Jeeper guy gets impatient and waves for Hummer to just do it, mouthing, "You're ok... lots of room." Hummer guy knows better and inches forward and grazes mirrors with Jeeper. In the next foot a washout in the road drops the right front tire sharply toward the canyon... Hummer leans uncomfortably toward the canyon.


Hands vice-grip the wheel; pulse quickens. With each forward inch, the road leans more to the canyon. Wifey prays to Plastic Jesus on the dashboard. The off-camber pitch is not as bad as it feels to Hummer guy and his soon to be ex-wife, but you'd never convince them of that. She leans uphill... head practically in Hummer guys lap, as if it might be the difference between life and abyss.


Hummer guy reaches into the Jeeper's window and grasps his roll bar... a desperate and humiliating act. They have essentially pinned each other in, cliff face to abyss; short of a sunroof no one can escape to see if it's safe to proceed. Wifey is catatonic and no longer responds to Hummer guy's plea to "look out your window and give me some feedback."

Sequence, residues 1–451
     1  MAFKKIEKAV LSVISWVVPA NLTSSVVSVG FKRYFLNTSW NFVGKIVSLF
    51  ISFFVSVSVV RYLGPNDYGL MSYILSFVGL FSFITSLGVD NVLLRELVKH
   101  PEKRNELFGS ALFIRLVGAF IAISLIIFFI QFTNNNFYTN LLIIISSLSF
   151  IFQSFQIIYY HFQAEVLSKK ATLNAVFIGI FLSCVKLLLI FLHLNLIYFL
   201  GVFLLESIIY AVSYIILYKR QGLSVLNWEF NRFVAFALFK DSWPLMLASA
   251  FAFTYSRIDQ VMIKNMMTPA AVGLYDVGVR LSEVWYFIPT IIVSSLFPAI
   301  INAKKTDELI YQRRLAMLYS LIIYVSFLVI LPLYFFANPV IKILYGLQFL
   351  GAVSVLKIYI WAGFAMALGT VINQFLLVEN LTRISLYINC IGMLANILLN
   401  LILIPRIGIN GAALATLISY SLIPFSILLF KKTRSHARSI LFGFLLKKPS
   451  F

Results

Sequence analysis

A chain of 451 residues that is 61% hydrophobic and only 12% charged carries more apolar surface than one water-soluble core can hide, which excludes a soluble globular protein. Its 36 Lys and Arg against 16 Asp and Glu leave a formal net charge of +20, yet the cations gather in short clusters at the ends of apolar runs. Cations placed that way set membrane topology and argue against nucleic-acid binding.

I've been there... afraid to go forward... afraid to back up, feeling "Nearer My God to Thee" on an off-camber cliff. It makes your stomach squirm to be the one on the outside trying to get by in a bad spot... like gravity's pulling on your arm and won't let go. Only when other Jeepers arrive on scenes like this does the situation get resolved... ever so cautiously, ever so slowly. Once every year or two the worst happens. You hear Rescue sirens, see the flight for life copter land in Town Park... waiting for the injured. Most of the time it's a climber who fell, but eventually it's a four wheel driver. In a few days the mangled remains of an unrecognizable vehicle parades through town on the back of a flatbed truck.